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Over the years Milton Keynes has become renowned if not infamous for the concrete cows, but like much of the New City they have now acquired something of a history of their own. They were made by Liz Leyh, a Canadian born artist/sculptress at Stacey Hill Farm, now the home of Milton Keynes Museum, when the farmhouse was used by various artists and writers in residence who were employed by Milton Keynes Development Corporation. The present period schoolroom was used as an artists studio, and Liz made the cows, a somewhat obese pig in the same material (which proved too large to exit the farmhouse door) and the snowman made for her daughter. This survives at the Museum, near the entrance, and was refurbished in 1999 by local artist Bill Billings with the help of several schoolchildren.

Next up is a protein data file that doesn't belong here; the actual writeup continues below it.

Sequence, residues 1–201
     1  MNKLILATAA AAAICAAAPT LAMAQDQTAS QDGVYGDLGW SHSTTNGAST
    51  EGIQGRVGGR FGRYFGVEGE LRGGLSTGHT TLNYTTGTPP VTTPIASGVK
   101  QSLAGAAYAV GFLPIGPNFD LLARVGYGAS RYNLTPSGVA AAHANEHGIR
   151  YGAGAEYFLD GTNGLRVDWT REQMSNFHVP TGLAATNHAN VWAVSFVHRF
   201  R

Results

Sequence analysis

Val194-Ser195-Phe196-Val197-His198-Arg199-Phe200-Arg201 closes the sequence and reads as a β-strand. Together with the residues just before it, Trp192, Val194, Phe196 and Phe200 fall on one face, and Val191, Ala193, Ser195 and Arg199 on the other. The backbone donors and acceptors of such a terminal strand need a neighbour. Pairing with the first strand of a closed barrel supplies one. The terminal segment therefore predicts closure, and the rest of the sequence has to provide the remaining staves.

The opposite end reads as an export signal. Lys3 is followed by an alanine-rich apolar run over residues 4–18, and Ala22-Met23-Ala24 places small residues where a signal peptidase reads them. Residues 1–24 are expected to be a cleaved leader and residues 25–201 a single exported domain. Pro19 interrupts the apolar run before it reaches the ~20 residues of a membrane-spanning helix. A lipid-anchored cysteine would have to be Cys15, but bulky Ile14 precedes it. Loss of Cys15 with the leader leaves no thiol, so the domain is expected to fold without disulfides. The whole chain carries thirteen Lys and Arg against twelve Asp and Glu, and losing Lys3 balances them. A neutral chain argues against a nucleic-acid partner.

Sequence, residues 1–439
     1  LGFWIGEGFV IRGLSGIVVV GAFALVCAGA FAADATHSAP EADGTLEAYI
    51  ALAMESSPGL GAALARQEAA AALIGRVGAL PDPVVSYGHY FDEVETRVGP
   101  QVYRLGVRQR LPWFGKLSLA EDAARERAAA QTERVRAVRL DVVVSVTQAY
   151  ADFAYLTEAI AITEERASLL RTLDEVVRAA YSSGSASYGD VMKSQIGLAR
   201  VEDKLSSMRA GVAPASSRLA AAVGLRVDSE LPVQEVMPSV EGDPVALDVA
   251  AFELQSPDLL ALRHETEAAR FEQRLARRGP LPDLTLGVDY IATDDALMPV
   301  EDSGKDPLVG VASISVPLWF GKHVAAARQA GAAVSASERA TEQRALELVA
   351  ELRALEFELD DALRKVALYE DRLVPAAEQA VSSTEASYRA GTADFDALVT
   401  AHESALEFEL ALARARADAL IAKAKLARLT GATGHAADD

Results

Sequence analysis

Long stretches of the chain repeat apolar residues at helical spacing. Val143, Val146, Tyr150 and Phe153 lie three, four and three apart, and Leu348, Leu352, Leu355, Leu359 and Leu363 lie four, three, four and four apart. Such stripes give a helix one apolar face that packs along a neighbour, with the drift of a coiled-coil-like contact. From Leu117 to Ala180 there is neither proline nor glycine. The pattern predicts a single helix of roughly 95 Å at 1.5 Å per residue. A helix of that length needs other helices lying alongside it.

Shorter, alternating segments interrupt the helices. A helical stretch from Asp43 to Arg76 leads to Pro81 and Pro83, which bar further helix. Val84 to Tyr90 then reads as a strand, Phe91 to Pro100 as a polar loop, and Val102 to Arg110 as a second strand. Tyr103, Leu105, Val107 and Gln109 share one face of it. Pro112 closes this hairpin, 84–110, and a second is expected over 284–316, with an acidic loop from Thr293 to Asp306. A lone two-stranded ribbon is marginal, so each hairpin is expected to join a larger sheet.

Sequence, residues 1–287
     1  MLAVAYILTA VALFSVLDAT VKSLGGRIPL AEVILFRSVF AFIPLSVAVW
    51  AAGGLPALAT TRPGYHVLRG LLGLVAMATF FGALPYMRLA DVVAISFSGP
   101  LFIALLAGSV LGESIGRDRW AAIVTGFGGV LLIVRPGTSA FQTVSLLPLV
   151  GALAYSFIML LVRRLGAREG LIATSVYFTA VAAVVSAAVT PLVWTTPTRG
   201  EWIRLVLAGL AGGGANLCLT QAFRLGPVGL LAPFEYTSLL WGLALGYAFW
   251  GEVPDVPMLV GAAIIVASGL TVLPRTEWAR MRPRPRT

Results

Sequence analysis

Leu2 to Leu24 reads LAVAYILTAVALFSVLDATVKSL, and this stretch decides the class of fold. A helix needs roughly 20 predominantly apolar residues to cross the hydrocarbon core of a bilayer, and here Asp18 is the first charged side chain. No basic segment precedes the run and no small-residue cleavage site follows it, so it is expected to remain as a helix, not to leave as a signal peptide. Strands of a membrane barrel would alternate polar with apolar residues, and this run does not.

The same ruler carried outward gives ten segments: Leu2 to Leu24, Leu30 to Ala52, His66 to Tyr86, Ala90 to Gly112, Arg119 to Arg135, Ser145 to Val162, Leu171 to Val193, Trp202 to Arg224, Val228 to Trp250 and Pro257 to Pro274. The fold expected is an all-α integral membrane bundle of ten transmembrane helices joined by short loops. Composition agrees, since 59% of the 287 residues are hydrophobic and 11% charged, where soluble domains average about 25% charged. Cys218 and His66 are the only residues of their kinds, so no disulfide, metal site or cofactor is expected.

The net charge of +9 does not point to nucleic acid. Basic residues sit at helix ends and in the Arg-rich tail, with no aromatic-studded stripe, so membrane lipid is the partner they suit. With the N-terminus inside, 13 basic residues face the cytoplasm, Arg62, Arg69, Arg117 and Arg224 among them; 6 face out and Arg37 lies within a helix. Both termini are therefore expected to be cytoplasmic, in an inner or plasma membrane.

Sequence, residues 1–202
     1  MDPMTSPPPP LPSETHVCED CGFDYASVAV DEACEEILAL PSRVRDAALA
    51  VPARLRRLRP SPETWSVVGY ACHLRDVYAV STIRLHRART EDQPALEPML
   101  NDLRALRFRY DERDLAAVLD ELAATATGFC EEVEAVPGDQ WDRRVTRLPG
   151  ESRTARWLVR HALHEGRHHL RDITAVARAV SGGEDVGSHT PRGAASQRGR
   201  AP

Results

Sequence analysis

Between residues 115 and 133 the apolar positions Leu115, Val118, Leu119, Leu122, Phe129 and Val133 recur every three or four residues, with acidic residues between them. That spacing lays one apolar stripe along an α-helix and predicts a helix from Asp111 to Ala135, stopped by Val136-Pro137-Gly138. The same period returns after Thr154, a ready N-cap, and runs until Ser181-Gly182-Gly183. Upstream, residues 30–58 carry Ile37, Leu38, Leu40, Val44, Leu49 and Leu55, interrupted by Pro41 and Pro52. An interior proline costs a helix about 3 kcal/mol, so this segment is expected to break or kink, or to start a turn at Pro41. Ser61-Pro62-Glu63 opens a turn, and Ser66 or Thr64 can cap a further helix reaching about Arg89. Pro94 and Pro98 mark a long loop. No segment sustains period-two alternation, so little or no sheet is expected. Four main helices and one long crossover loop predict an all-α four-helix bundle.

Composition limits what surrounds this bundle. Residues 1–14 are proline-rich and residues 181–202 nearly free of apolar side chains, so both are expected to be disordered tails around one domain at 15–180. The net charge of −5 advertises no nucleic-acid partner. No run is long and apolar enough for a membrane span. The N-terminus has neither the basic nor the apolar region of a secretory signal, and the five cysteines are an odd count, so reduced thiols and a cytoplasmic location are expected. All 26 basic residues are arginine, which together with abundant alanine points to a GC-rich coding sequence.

The farmhouse was also home over many years for the late Jack Trevor Storey, the noted writer who authored 'The Trouble with Harry' and many other books, as well as scripting a number of Dr.Who episodes.

During their lifetime the cows have lead a rather adventurous lifestyle, kidnapped and held to ransom on occasion, placed in somewhat compromising poses, not to mention the occasional wanton vandalism and periodic repainting. They have often featured as headline news to the national media, keen to brand the city with a rather quirky image. Today they graze in peace close to the place of their birth, in relative anonymity apart from the occasional glance from the passing motorists.